Designers on Career Path, Anti-Mentors and Creative Satisfaction

A conversation

Peter Cho
Peter Cho
Dec 3, 2014 · 4 min read

In September of 2014, I had the pleasure of co-hosting a week-long online conversation with a group of designers linked together by dim sum and John Maeda. Aaron Perry-Zucker and I kicked off the discussion with a few questions about work/life trajectory:

How do you think about your career path? What was the plan when you set out and how has it changed? What roles do education and creative satisfaction play?

Many of the designers mentioned bumpy rides, wrong turns and chance when describing their paths so far. Most also talked about a creative drive that has served to propel them along their path, even if serendipity helped along the way.

Uday Gajendar described these factors so eloquently:

I’ve learned that design career path evolution involves an iterative combination of self-reflection around personal interests & talents (what am I missing, what am I gaining) with serendipitous intersections with opportunities that foster growth and learning (upon those areas self-reflected upon), with guided trajectory anchored by core areas like vision/strategy/culture/process/leadership/tools, etc.

Aaron talked about his strong desire to be in the driver’s seat of his own career. This conviction has served him well since graduating from RISD in 2009, taking him from working on Design for Obama, to starting his own design agency, then launching Creative Action Network with help from last year. As Aaron put it:

I never expected to call myself an entrepreneur but love how it can pretty much mean whatever I want it to. I’ve come to think of it as a mix between community organizer and compulsive maker. But it currently satisfies what I set out to find when I left school: the ability to simultaneously be my own designer and client (and make my parents think that I have a real job).

Karin Hibma of Cronan offered some advice for creative people who share this spirit of entrepreneurship:

As a life long entrepreneur, I enjoy getting to know some of those most creative minds in life, business, the arts and sciences; I study them deeply, serve them as clients — and it’s my pleasure to be their friend, colleague, employer and, for my sons, their parent. Being calm and centered in yourself allows you to appreciate the self in others. To mutually work to enhance that, achieve mutual goals, surprise yourself and others with the “aha!’s”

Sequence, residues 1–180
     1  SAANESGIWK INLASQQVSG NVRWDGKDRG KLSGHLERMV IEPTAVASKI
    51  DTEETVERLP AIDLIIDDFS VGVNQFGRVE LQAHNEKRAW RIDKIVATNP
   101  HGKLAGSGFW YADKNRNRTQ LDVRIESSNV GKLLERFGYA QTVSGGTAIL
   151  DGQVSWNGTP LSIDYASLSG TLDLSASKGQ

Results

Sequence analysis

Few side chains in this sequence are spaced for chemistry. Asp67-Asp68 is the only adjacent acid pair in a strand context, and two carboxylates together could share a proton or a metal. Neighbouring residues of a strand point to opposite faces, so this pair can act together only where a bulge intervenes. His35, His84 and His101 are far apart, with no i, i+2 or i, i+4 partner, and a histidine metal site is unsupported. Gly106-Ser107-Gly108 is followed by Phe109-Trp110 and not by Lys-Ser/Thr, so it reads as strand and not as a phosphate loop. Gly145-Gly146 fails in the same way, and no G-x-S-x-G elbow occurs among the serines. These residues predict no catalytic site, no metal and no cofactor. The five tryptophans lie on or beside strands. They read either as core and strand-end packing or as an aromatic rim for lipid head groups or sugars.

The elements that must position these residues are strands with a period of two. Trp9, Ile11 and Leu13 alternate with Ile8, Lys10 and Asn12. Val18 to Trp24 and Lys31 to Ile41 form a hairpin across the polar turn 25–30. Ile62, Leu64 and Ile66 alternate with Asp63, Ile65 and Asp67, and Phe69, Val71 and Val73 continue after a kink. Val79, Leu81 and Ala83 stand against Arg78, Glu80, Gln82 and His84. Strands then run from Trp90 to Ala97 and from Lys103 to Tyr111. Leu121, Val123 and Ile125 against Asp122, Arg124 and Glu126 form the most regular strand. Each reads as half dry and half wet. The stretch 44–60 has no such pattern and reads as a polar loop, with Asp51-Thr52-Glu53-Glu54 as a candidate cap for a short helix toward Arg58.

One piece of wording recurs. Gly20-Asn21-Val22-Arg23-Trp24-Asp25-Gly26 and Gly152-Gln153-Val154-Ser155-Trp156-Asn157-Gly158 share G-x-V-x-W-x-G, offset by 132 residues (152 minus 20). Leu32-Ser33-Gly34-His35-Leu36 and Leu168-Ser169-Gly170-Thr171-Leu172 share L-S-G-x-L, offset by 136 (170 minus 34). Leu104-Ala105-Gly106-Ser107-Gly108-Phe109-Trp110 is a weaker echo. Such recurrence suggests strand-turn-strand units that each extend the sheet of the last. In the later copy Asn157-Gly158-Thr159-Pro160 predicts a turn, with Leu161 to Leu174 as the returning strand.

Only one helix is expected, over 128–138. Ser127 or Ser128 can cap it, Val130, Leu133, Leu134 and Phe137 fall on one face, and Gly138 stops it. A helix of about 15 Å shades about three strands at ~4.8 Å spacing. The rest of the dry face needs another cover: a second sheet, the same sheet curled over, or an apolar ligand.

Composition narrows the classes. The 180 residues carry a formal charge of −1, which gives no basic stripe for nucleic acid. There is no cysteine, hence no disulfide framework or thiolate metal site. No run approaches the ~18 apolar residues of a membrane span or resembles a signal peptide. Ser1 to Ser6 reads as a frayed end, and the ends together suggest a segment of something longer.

Alessandro Sabatelli talked about the “bumpy ride” of his career path, from film and computation to computer animation production, to freelance work, with VJ-ing on the side. He joined a startup, was acquired by ETrade, moved back to freelance, ran his own company doing installation work for high profile clients, then finally joined a product team at Apple. In spite of a career trajectory that looks like a success on paper (or, LinkedIn), he said it hasn’t been easy:

While I’ve been fortunate to have worked on some amazing things with some amazing people, I’ve had to fight very hard for my work. This not only includes the work I do on my own, but often having to inspire others to work equally hard in order to produce quality work.

My own path has also been a roller coaster ride, but I feel I have been lucky to meet the right people at the right times. At several times in my path, I’ve been fortunate to be in the right place at that optimal time when talented and creative people come together to create something special, what Uday called “serendipitous intersections.” I’ve learned to recognize and appreciate those times — they are precious.

John Maeda brought up the importance of “anti-mentors,” the people in your life who spur you on with their words of criticism and doubt. John mentioned a professor he had in Japan who called him into his office for 30 minutes to tell him he “wouldn’t amount to anything.” [Author’s note: Prof may have been wrong.]

Sarah M. Oppelt talked about an influential anti-mentor of hers:

I had a teacher back in art school that when I put my drawings on the wall would say, there is just something makes me inherently uncomfortable about your work (and not in a good way). Isn’t that what art and design is meant to do? It turned into some of the best feedback I ever got. Being a designer is often about trying things that make you uncomfortable.

These anti-mentors can motivate you in ways that your biggest supporters can’t.

Clare Corthell described her career path as a series of steps: “Learn, learn, be brash, learn, be humble, learn.” I found one of her remarks a great reminder for anyone confronting doubt about the next step in their career path. Clare wrote:

A friend who advises many startups explained recently that when people ask for advice, they’re really asking for permission. Our social compulsion to acquire approval runs incredibly deep. Waiting for permission is just another thing you’re allowing to prevent you from taking the next step.

Here’s to seeking out creative satisfaction and not asking for permission, to listening to the mentors and anti-mentors who push us, and to remaining open to being surprised along the way.

Thanks to all who participated in this and other seminars. I’ve found it personally helpful to be sharing our experiences with peers. As John puts it: Designers crave community. It’s a group effort, but I look forward to building and strengthening our community, one story at a time.

Design Playbooks, for #DesignInTech

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